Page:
This book should help the critical care unit clinician readily discern between infectious diseases and the noninfectious disorders that mimic infection discount sinemet 300 mg with mastercard. This is the first and only book that deals solely with infectious diseases in critical care medicine sinemet 110 mg on-line. Rather generic sinemet 125mg free shipping, it focuses on the most common infections likely to present diagnostic or therapeutic difficulties in the critical care setting. The authors have approached their subjects from a clinical perspective and have written in a style useful to clinicians. In addition to its usefulness to critical care intensivists, this book should also be helpful to internists and infectious disease clinicians participating in the care of patients in the critical care unit. Cunha Preface to the Second Edition Infectious diseases continue to represent a major diagnostic and therapeutic challenge in the critical care unit. Infectious diseases maintain their preeminence in the critical care unit setting because of their frequency and importance in the critical unit patient population. Since the first edition of Infectious Diseases in Critical Care Medicine, there have been newly described infectious diseases to be considered in differential diagnosis, and new antimicrobial agents have been added to the therapeutic armamentarium. The second edition of Infectious Diseases in Critical Care Medicine continues the clinical orientation of the first edition. Differential diagnostic considerations in infectious diseases continue to be the central focus of the second edition. For this reason, the differential diagnosis of noninfectious diseases remain an important component of infectious diseases in the second edition. The second edition of Infectious Diseases in Critical Care Medicine emphasizes differential clinical features that enable clinicians to sort out complicated diagnostic problems. Because critical care unit patients often have complicated/interrelated multisystem disorders, subspecialty expertise is essential for optimal patient care. Early utilization of infectious disease consultation is important to assure proper application/interpretation of appropriate laboratory tests and for the selection/optimization of antimicrobial therapy. As important is the optimization of antimicrobial dosing to take into account the antibiotic’s pharmacokinetic and pharmaco- dynamic attributes. The infectious disease clinician, in addition to optimizing dosing considerations is also able to evaluate potential antimicrobial side effects as well as drug– drug interactions, which may affect therapy. Infectious disease consultations can be helpful in differentiating colonization ordinarily not treated from infection that should be treated. Physicians who are not infectious disease clinicians lack the necessary sophistication in clinical infectious disease training, medical microbiology, pharmacokinetics/pharmacodynamics, and diagnostic experience. Physicians in critical care units should rely on infectious disease clinicians as well as other consultants to optimize care these acutely ill patients. The second edition of Infectious Diseases in Critical Care Medicine has been streamlined, maintaining the clinical focus in a more compact volume. The contributors to the book are world-class teacher/clinicians who have in their writings imparted wisdom accrued from years of clinical experience for the benefit of the critical care unit physician and their patients. The second edition of Infectious Diseases in Critical Care Medicine remains the only book dealing with infections in critical care. Cunha Preface to the Third Edition Infectious disease aspects of critical care have changed much since the first edition was published in 1998. Infectious Diseases in Critical Care Medicine (third edition) remains the only book exclusively dedicated to infectious diseases in critical care. Importantly, Infectious Diseases in Critical Care Medicine (third edition) is written from the infectious disease perspective by clinicians for clinicians who deal with infectious diseases in critical care. The infectious disease perspective is vital in the clinical diagnostic approach to noninfectious and infectious disease problems encountered in critical care. The third edition of this book is not only completely updated but includes new topics that have become important in infectious diseases in critical care since the publication of the second edition. The hallmark of clinical excellence in infectious disease consultation is the diagnostic experience and expertise of the infectious disease consultant. The clinical approach should not be to arrive at a diagnosis by ordering a bewildering number of clinically irrelevant tests hoping for clues from abnormal findings. The optimal differential diagnostic approach depends on the infectious disease consultant carefully analyzing the history, physical findings, and pertinent nonspecific laboratory tests in critically ill patients to focus diagnostic efforts. Before a definitive diagnosis is made, the infectious disease consultant’s role as diagnostician is to correctly interpret and correlate nonspecific laboratory tests in the correct clinical context, which should prompt specific laboratory testing to rule in or rule out the most likely diagnostic possibilities. As subspecialist consultants, infectious disease clinicians are excellent diagnos- ticians. For this reason, infectious disease consultation is of vital importance for all but the most straightforward infectious disease problems encountered in critical care. Another distinguishing characteristic of infectious disease clinicians is that they are both diagnostically and therapeutically focused. Many noninfectious disease clinicians often tend to empirically “cover” patients with an excessive number of antibiotics to provide coverage against a wide range of unlikely pathogens. Currently, most of resistance problems in critical care units result from not appreciating the resistance potential of some commonly used antibiotics in many multidrug regimens, such as ciprofloxaxin, imipenem, and ceftazidime. Some contend this approach is defensible because with antibiotic “deescalation” the unnecessary antibiotics can be discontinued subsequently. Unfortunately, except for culture results from blood isolates cultures with skin/soft tissue infections, or cerebrospinal fluid with meningitis, usually there are no subsequent microbiologic data upon which to base antibiotic deescalation, such as nosocomial pneumonia, abscesses, and intra-abdominal/pelvic infec- tions. The preferred infectious disease approach is to base initial empiric therapy or covering the most likely pathogens rather than clinically unlikely pathogens. Should diagnostically valid data become available, a change in antimicrobial therapy may or may not be warranted on the basis of new information. Because infectious disease consultation is so important in the differential diagnostic approach in critical care, this book’s emphasis is on differential diagnosis. If the diagnosis is inaccurate/incorrect, empiric therapy will necessarily be incorrect. To assist those taking care of critically ill patients, chapters on physical exam clues and their mimics, ophthalmologic clues and their mimics in infectious disease, and radiologic clues and their mimics in infectious disease have been included in this edition. In addition, several chapters notably, “Clinical Approach to Fever’’ and ‘‘Fever and Rash,” also emphasize on physical findings. Another important topic has been added on infections related to immunomodulating/ immunosuppressive agents. The widespread introduction of immune modulation therapy has resulted in a recrudescence of many infections due to intracellular pathogens, which are important to recognize in patients receiving these agents. Because miliary tuberculosis is so important and is not an infrequent complication of steroid/immunosuppressive therapy, a chapter on this topic also has been included in the third edition. As mentioned, antibiotic resistance in the critical care unit is a continuing problem with short- and long-term clinical consequences. Currently, methicillin-resistant Staphylococcos aureus and vancomycin-resistant enterococci are the most important gram-positive pathogens in critical care, and a chapter has been added on antibiotic therapy of these pathogens.
The research points to four key issues and chemotherapy buy 125 mg sinemet otc, to mucosal candidiasis in immuno- strategies generic sinemet 110mg on-line. Dental practitioners will re- First cheap sinemet 300mg otc, while the prevalence of dental caries and quire more advanced training in managing age- and periodontal diseases may be changing for the entire pharmaceutical-associated oral problems. The dental profession should consider: Second, if a causal relationship can be established between dental infections and severe, life-threaten- x Exploring, in association with public and private ing medical conditions, primary physicians may health care delivery agencies, plans by which routine become active in diagnosing oral diseases and in primary dental care can be provided to economical- referring their patients for dental care. Third, within the next 10 to 20 years, research x Supporting the concept of medical insurance ben- will lead to new biological therapies for use by den- efits for medically necessary dental care as defined tal practitioners. Thus, the dentist of the future will require a degree of facility with, and an under- The dental profession should consider: standing of, fundamental biology in order to pro- vide optimum patient care as novel treatments x Coordinating programs whereby resources and become available for dental caries, periodontal dis- services are better provided to underserved populations. Fourth, researchers have seen an increasing fre- x Promoting the concept of evidence-based re- quency of significant age-associated oral conditions. Additionally, many dence-based practice of dentistry by requiring out- medical therapies have significant effects on oral tis- comes assessment for dental care. This dental education and dental practice that are leading network will provide current information on the to effective nonsurgical therapies for dental caries knowledge base related to the practice of dentistry. There is a need to evaluate and these guidelines for adoption in the dental school improve the speed and quality of information and tech- curriculum, and by other fields such as general nology transferred from the laboratory and other internal medicine, geriatrics, genetics, and informa- research settings to the public domain. This effort x Creating national clinical research networks that is in danger of losing momentum due to the short- link treatment approaches and treatment outcomes age of individuals who are pursuing careers in aca- in private practice settings. The dental profession exist for medical care, will enable large-scale evalu- should consider taking an active role in developing ations of treatment protocols. This effort should include incentives for those who pur- x Working with local and state dental societies to sue these career choices. Furthermore, the dental strongly support the need to increase resources profession should support the need to increase sup- available for dental research. Workforce for clinical x Promoting the use of laboratory tests to diagnose research will be derived from dental academic insti- oral disease. There is a need to link diag- promoting the development of dentists who wish to nostic tests with therapeutic strategies. Finally, the dental profession should begin to Birek C, Granghi R, McNeil K, Singer D, Ficarro G, Bowden G. New York: Oxford University Press; dental office as a site for screening of systemic diseases 1996. Radioprotection of salivary glands References by amifostine in high-dose radioiodine treatment. Results of a double-blinded, placebo-controlled study in patients with differentiated thyroid cancer. Albrektsson T, Dahl E, Enbom L, Engevall S, Engquist B, Strahlenther Onkol 1999;175:6-12. The development of an index for orthodontic Swedish multicenter study of 8139 consecutively treatment priority. Filler systems based on calci- study with hollow-cylinder and hollow-screw implants. Need for early detection of caries lesions: a United ship of recurrent premalignant head and neck lesions. Carinci F, Pezzetti F, Scapoli L, Martinelli M, Carinci P, Tognon Indianapolis: Indiana University Press; 2000. Association between extent of review of international studies and data regarding the periodontal attachment loss and self-reported history Italian population. Factors contributing to the poorer survival of Ann Arbor: University of Michigan Press; 1999. Development of a classification system for periodontal Centers for Disease Control. Solid free form fabrication methods and ceramic com- Periodontal disease and cardiovascular disease. An overview of the psychological effects of physical American Ceramic Society; 1996. Oral cancer and mouthwash use: eval- Oral and Maxillofacial Surgery Clinics of North uation of the epidemiologic evidence. Non-invasive diagnosis of early lipopolysaccharide on pregnancy outcome in the gold- caries with polarization sensitive optical tomography en hamster. Supernumerary teeth-an diagnosis of oral pemphigoid: a selective review of the overview of classification, diagnosis and management. Genome scan for teratogen-induced cleft- in head and neck cancer: basic science and clinical ing susceptibility loci in the mouse: evidence of both application. Detection of serum antibodies poromandibular disorders: review, criteria, examina- against cytomegalovirus, varicella zoster virus and her- tion, specification, critique. J Craniomandibular pes virus 6 in patients with recurrent aphthous stom- Disorders, Facial and Oral Pain 1992;6:302-55. Infect Dis Clin ed irradiation of head and neck cancer: the potential North Am 1999;13:817-31. Submandibular salivary inflammatory cell infiltration toward alveolar bone in gland transfer prevents radiation-induced xerostomia. Structural basis for the decay of initial activation on osteoclasts, tooth move- fracture toughness of the shell of the conch Strombus ment, and root resorption. Analysis of saliva for periodontal sion by activating matrix metalloproteinase genes. Localization of a gene for prepuber- tial dentures in vitro and in vivo: analysis and model- tal periodontitis to chromosome 11q14 and identifica- ing. A study of saliva and its action on tooth enamel in ref- with cisplatin and 5-fluorouracil in patients with erence to its hardening and softening. Orofacial cleft defects: inference from Brush cytology of herpes simplex virus infection in oral nature and nurture. J Research opportunities and investigator competencies Periodontol Res 1998;33:387-99. Evaluation of components of gingival crevicular Research Training and Career Development to Meet fluid as diagnostic tests. Quantitative measurements of remineralization of incipient Health Dent 1989;49:279-89. Oral clefts and disease progression, mode of invasion, and lymph vitamin supplementation. Cleft Palate The impact of biomolecular medicine and tissue engi- Craniofac J 1999;36:12-26. In vitro bone formation on a bone-like apatite Oral Surg Oral Med Oral Pathol Oral Radiol layer prepared by a biomimetic process on a bioactive Endodont 1997;84:272. Carriage of Candida species and C albicans biotypes Performance and reproducibility of a laser fluores- in patients undergoing chemotherapy or bone marrow cence system for the detection of occlusal caries in transplantation for haematological disease.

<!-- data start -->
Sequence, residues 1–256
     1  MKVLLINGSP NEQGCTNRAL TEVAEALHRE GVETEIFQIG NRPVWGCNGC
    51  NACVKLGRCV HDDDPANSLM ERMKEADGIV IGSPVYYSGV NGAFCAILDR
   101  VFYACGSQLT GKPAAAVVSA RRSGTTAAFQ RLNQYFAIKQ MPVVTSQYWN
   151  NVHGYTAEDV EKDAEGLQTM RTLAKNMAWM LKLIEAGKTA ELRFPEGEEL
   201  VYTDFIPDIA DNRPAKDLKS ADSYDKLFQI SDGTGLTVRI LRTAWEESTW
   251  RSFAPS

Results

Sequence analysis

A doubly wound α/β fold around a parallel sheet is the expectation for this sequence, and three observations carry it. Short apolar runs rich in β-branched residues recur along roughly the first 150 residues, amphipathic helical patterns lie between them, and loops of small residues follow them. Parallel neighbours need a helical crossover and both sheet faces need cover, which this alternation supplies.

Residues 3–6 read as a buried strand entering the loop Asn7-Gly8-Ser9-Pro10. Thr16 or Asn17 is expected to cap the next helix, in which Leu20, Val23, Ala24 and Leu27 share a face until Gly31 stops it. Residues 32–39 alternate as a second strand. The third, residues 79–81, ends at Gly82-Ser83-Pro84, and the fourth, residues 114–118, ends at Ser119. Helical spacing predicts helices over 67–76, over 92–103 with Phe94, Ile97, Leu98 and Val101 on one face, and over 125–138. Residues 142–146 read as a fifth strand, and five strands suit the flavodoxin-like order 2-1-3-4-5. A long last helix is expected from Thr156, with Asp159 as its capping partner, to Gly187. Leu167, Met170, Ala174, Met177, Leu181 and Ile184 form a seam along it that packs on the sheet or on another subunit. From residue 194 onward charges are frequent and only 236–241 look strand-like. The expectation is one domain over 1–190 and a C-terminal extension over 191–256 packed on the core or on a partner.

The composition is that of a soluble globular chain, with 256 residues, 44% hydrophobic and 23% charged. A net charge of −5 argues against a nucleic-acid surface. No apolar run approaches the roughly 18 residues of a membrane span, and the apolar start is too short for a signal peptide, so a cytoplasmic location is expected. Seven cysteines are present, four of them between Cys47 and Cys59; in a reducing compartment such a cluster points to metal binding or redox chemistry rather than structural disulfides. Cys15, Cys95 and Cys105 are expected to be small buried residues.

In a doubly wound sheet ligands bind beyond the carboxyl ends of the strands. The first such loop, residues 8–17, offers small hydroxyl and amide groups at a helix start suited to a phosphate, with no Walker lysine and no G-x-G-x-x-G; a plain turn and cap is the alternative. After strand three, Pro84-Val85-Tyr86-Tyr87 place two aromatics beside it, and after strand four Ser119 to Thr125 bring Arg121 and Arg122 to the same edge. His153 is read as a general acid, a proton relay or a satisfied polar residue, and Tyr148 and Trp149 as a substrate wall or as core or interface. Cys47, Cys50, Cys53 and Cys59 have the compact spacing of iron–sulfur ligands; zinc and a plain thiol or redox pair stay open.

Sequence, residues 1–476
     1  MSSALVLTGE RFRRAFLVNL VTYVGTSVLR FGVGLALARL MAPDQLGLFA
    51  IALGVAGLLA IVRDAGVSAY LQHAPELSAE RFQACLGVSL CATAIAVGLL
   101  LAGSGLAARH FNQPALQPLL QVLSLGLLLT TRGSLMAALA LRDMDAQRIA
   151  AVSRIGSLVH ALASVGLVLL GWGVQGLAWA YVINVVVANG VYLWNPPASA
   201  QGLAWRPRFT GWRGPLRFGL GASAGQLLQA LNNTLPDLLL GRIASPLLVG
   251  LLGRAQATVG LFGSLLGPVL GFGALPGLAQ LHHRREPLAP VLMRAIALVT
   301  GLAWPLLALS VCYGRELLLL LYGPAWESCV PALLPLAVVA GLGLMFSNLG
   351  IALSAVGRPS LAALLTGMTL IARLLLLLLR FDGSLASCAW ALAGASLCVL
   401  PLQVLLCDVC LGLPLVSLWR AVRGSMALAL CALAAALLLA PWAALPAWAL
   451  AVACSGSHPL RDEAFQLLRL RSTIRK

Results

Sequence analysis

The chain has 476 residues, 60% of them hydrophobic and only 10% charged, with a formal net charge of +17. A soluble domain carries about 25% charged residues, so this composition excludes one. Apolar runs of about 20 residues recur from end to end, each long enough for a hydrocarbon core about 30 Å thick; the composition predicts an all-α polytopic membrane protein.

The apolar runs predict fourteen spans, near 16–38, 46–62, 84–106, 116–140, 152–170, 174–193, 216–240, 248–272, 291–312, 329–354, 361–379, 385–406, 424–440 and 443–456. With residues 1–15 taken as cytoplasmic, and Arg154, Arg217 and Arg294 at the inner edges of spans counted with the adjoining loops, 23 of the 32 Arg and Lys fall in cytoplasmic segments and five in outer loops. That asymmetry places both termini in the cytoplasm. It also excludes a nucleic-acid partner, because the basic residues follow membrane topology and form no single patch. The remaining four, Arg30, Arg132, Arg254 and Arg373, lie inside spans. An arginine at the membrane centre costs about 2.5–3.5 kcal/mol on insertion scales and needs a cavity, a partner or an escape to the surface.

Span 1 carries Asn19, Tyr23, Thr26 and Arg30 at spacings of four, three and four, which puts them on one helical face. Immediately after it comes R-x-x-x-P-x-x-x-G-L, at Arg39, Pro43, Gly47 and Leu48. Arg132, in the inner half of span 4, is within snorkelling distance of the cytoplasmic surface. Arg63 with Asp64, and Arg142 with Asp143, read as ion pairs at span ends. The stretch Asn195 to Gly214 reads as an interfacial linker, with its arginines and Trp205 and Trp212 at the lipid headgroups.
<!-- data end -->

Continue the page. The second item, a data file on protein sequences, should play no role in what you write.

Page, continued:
Sequencing and teristic of the centromeres of chromosomes; the alternative is genotyping become cheaper every year and new technologies euchromatin purchase 300mg sinemet fast delivery. Some companies claim to be developing methods protein components needed to initiate transcription by binding that would allow a person’s entire genome to be sequenced in a to several components of the complex best 110 mg sinemet. Optimists and pessimists alike dream of the day when everybody’s complete genome Corepressor: A protein that works in the same way as a sequence will be stored in vast databases; they differ only in co-activator order sinemet 125mg without a prescription, but to opposite effect. Since ultimately everybody is related, a practical working deﬁnition is that the parents are second cousins or References closer relatives. Genetic Marker: Any character used to follow a segment of a Autosomal Dominant: The pedigree pattern seen when an chromosome through a pedigree. One can talk Microarray: A postage-stamp size wafer of silicon or glass of the genotype at a single locus, or the overall genotype. It causes loss-of-function mutations to produce daughter cell receives an exact and complete copy of all the dominant conditions. Haplotype: A series of alleles at linked loci on the same physi- Mosaic: An individual who has two or more genetically differ- cal chromosome. A nucle- Isoforms: Different forms of the protein product or mature oside is the same but without the phosphate. X-linked recessive conditions, a woman who has affected or car- Since people have a pair of each autosome, a person has two rier offspring and also affected brothers or maternal uncles. It is the Phenocopy: An individual who has the same phenotype as a logarithm of the odds of linkage versus no linkage. Phenocopies can be a major problem in Lyonisation: An alternative name for X inactivation, a phe- genetic mapping. Phenotype: The observed characteristics of a person (including Marker: See Genetic marker. Meiosis: The specialised cell division that produces sperm and Poly(A) Tail: The string of around 200 consecutive A eggs. Pseudo- genes are quite common in our genome and represent the failed Transcription Factor: A protein that binds the promoters of results of abortive evolutionary experiments. Basal transcription factors are involved in transcription of all genes; tissue-speciﬁc tran- Recessive: A character that is manifest only in the homozygous scription factors cause different cells to express different subsets state and not in heterozygotes. A sibship X–Inactivation: The mysterious process by which every human is a set of sibs. X-Linked Inheritance: X-linked inheritance is seen when a About 1 nucleotide in every 300 is polymorphic. Two separate measures of the hearing important role in the exploration of auditory function. From a clin- threshold, respectively air-conducted (through an earphone or ical point of view, it will transform the classiﬁcation of hearing an insert) or bone-conducted (a vibrator on the forehead or the impairment and the possibilities for new therapeutic approaches. The sive quantity of knowledge on the aetiopathology of hearing ﬁrst show a normal bone-conducted and an elevated air- loss, as the mapping and cloning of genes reveal their functions conducted hearing threshold. The second show equal values of in the inner ear, its structural organisation, and its homeostasis. There are also mixed hearing losses, which Currently, several hundred chromosomal loci have been identi- have elements of both conductive and sensorineural losses. This number has been estimated to represent olds of the two ears, noise masking is needed for the better ear, about half of the genetic changes resulting in hearing impair- in order to ensure that a sensation evoked in the better ear does ments. Thus, genetic factors have to be considered in diagnos- not interfere with the sensation elicited in the worse ear. At A diagnosis of conductive hearing loss made by pure-tone present, clinical audiology has to meet two requirements. A diagnosis of sensorineural system; second, there is a need for new audiological diagnostic hearing loss indicates dysfunction in either the cochlea or the tools sensitive enough to elucidate these changes. This auditory pathway: other investigations are needed to conﬁrm the could help to better deﬁne the phenotype and narrow, to within site of the lesions. Clinical pure-tone audiometry, such as the a reasonable range, the set of genetic investigations necessary. Simulators, Pure-tone hearing-threshold individuals with low levels of vigilance and reduced attention may give unreliable results, i. Three- to ﬁve-year-old children can reliably perform pure-tone audiom- The principal audiometric test entails measuring the auditory etry: Younger children can be examined by special conditioning thresholds for pure tones. In all cases the time-scale and patient age should be speciﬁed Conductive: related to disease or deformity of the outer/middle ears. Audiometrically, there are normal bone-conduction thresholds ( 20dB) and an air-bone gap 15dB averaged over 0. Commonly, the hearing threshold is measured at frequen- cies separated by octave intervals, from 0. Indeed, as the hearing thresholds and auditory threshold values of contiguous frequencies are correlated, the more the frequencies recorded, the less the probability of damage the errors associated with a single-frequency threshold mea- surement. The measurement error for air-conduction testing is External and middle ear usually estimated within 5 dB, and it is about twice that ﬁgure for bone-conduction testing. These errors mainly originate from A variety of genetic syndromes can affect the anatomy of these the transducers’ incorrect positioning as well as subject-related structures. Such anom- The accuracy of the pure-tone hearing threshold is crucial alies range from simple stenosis of the external meatus to total in deﬁning any progression of the hearing impairment (1). Two extreme pathological pictures may be taken as a ref- the gap-junction system, the ionic-transport channels, the synaptic erence to predict the pure-tone threshold: (i) Simple atresia of organisation, as well as some components of extracellular matrix the external meatus causes a 30 to 35 dB conductive hearing (5,6). Such alterations may affect auditory function in different impairment due to the attenuation of the sounds directed to the ways, independently of the anatomical loss of hair cells. This condition is not reﬂected in the vary in respect to the anatomical structures involved and their audiogram, since frequencies that should be processed by the consequence on auditory function (Fig. Finally, another Inner ear limitation of pure-tone measurements is that the typical “auditory Inner ear lesions resulting in a sensorineural hearing loss show residue” observable at low frequencies in profound hearing loss is a moderate relationship with the pure-tone threshold. An ele- difﬁcult to attribute unquestionably to an auditory rather than a vated threshold at high frequencies indicates damage to the tactile sensation (Fig. An elevated threshold for low fre- quencies suggests damage of the apical portion. Schuknecht’s Cochlear nerve (4) studies on the comparison of audiograms to cochlear histol- ogy (“cochleograms”) corroborates such a relationship. A fur- Pure-tone thresholds are relatively resistant to lesions involving ther distinction involves the degree of hearing loss. A complete humans, the vestibular Schwannomas represent the most com- loss of inner hair cells should cause a profound hearing impair- mon clinical cause of cochlear nerve lesions. In practice, the lesions with this pathology, about 80% show a hearing impairment, usually involve both the outer and the inner hair cells, with the although the amount of hearing loss correlates only poorly with proportions depending on the causative factor. For those cases with a high-frequency hearing these observations, other conditions have to be considered, in loss, a mechanism was suggested in which the most external which the audiogram–histology relationship may break down. There are, however, mal in its microscopic structure, but the biochemical–metabolic many exceptions to this picture.